The conversations will begin as soon as people see the house. Tiny houses start conversations even without seeing the house, but seeing the outside of this one will be enough to take it up a level.
Corrugated metal is used as practical, weather-resistant accent paneling in many modern homes. Here, the wavy, silvery surface covers all of the walls as well as the roof. The shed roof, and notches sliced out near the tongue of the trailer, give it an angular, almost sci-fi feel. Solar panels don’t hurt, either.
The interior is more familiar, and yet unique. Instead of metal, wood covers the walls and ceiling, but angled walls steer it away from the traditional box design. Bamboo floors complete the envelope.
It is listed as a one-bedroom home, but there are two king-sized lofts. One is high. One is low. The high one is reached by a ladder. The low one (probably the one that’ll be considered the main) is reached by stairs. Having them at two levels breaks up the space and provides options.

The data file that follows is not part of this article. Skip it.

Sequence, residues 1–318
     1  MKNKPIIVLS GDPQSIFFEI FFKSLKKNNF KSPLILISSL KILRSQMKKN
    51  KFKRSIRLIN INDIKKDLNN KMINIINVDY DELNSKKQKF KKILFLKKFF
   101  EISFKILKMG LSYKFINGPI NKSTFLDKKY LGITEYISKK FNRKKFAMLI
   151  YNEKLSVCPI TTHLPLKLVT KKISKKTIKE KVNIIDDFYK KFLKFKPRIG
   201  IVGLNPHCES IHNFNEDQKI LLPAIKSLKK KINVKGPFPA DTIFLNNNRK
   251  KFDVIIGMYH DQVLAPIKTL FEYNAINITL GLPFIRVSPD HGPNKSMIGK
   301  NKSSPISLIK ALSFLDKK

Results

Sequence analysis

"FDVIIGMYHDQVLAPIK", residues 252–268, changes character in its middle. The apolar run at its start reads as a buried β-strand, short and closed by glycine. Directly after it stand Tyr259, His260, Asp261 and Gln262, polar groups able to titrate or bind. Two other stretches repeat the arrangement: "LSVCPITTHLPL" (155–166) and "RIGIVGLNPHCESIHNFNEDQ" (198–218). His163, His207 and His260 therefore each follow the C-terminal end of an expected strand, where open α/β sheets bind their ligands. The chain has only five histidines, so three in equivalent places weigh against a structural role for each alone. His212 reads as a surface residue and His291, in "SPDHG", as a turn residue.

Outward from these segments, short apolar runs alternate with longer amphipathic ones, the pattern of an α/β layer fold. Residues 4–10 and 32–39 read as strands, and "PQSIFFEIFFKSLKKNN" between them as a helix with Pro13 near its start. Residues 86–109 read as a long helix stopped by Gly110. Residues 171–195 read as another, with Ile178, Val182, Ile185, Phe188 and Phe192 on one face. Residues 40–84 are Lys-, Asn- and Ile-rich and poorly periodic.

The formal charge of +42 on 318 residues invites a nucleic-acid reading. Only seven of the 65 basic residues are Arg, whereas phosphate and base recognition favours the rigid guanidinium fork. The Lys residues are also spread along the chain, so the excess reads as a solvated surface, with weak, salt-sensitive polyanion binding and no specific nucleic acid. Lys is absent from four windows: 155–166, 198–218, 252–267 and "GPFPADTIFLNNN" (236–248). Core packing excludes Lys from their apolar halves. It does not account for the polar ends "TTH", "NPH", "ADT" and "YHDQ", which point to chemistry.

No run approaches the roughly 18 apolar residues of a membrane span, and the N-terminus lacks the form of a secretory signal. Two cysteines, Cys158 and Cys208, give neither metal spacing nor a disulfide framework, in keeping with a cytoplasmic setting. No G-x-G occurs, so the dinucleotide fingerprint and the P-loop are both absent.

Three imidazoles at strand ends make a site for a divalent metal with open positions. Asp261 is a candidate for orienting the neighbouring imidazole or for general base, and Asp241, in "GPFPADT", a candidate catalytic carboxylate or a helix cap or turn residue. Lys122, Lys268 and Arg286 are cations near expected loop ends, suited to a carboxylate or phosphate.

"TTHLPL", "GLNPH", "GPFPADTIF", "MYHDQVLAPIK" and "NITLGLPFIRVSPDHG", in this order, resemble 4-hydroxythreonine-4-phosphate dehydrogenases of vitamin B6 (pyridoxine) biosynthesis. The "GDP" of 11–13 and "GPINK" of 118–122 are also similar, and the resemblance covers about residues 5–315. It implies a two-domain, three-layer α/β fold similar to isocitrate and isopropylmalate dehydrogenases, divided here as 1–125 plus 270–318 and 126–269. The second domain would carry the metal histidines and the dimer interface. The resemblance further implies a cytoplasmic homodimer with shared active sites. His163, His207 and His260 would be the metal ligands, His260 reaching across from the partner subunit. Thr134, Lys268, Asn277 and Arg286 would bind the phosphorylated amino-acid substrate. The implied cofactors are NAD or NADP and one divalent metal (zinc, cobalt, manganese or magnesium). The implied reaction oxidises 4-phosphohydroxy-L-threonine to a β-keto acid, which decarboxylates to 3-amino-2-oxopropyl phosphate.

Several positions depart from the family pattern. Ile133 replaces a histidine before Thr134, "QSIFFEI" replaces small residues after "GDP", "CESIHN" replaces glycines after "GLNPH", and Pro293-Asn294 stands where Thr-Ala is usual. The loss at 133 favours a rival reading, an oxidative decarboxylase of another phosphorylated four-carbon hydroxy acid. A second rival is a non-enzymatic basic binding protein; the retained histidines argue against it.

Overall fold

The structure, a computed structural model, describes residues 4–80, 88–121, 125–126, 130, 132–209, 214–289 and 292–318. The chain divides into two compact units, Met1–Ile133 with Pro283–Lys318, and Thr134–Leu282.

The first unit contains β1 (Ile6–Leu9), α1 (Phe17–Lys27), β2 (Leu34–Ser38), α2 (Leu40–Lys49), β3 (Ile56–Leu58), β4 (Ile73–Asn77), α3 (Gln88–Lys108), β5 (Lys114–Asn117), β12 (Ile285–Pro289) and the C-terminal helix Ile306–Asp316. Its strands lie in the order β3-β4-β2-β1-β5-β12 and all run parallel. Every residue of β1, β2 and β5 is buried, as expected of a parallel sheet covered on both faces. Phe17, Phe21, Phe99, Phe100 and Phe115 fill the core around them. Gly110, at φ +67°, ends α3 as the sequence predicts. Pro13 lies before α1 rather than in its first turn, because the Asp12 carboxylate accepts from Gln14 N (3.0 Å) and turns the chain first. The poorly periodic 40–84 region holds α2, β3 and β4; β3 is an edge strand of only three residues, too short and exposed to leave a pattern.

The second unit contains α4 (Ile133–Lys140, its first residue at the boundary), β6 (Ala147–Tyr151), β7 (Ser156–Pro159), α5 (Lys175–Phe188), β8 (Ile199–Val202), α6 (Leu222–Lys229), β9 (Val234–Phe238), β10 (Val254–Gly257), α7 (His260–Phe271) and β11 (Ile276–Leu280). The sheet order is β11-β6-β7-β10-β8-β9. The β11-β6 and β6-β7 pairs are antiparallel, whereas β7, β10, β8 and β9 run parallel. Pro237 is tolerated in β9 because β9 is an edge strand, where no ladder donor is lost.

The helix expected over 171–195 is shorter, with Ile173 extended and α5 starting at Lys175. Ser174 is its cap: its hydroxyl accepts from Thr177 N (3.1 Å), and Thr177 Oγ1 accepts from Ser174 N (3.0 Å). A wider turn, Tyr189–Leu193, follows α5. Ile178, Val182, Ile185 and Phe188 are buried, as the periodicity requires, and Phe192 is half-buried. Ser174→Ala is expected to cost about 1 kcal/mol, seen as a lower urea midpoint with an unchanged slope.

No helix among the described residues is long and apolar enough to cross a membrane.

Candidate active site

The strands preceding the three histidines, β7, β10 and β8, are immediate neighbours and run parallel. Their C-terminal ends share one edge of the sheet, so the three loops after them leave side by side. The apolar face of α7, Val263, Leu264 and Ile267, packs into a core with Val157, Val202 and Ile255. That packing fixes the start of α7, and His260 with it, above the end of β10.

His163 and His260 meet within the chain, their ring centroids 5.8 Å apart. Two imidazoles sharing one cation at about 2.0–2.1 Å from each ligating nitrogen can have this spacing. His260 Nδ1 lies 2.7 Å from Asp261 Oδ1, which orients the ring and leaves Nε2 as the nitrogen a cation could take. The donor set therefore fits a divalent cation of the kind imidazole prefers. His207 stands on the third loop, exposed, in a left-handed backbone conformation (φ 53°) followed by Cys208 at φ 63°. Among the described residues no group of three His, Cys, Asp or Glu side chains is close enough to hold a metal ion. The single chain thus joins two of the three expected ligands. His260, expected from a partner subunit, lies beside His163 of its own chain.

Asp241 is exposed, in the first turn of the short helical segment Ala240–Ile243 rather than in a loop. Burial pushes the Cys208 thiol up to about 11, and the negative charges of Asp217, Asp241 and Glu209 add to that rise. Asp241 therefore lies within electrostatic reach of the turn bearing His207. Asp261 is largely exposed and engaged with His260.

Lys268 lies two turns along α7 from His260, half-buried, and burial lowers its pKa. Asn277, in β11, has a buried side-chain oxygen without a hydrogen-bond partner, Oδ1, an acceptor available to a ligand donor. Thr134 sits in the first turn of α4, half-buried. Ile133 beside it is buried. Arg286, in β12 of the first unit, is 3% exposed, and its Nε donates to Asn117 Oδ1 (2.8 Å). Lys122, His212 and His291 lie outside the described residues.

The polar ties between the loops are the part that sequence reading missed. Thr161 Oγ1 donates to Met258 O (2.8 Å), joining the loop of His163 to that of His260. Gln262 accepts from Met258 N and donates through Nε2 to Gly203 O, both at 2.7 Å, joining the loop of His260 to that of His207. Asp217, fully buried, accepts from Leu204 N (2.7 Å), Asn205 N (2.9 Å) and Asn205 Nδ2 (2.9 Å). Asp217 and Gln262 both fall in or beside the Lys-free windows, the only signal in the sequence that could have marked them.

Want to fit in more folks or find a different way to relax? There are provisions for adding a hammock. Add up 140 square feet downstairs plus two 48-square-foot lofts to reach a tiny total of 236 square feet.
It’s no surprise that the kitchen is mini: a mini-fridge and two-burner cooktop. They thought the design through in ways that hint at other hidden considerations. The sinks drain to a greywater system. The fridge is installed into the wall in a way that lets the back exchange heat with the outside air.
It’s harder to see, but easy to appreciate that the materials they chose, from the metal to the bamboo to the lambs wool insulation, were picked to eliminate off-gases and allergens. Clean air may be the greatest luxury in the home.
Add in the bathroom equipped with a shower and a composting toilet and a rainwater catchment system for a $29,900 package that’s unique is more ways than just looks.
One last uncommon aspect: it is located on Lopez Island. If nothing else, that’s a great excuse to visit the San Juans.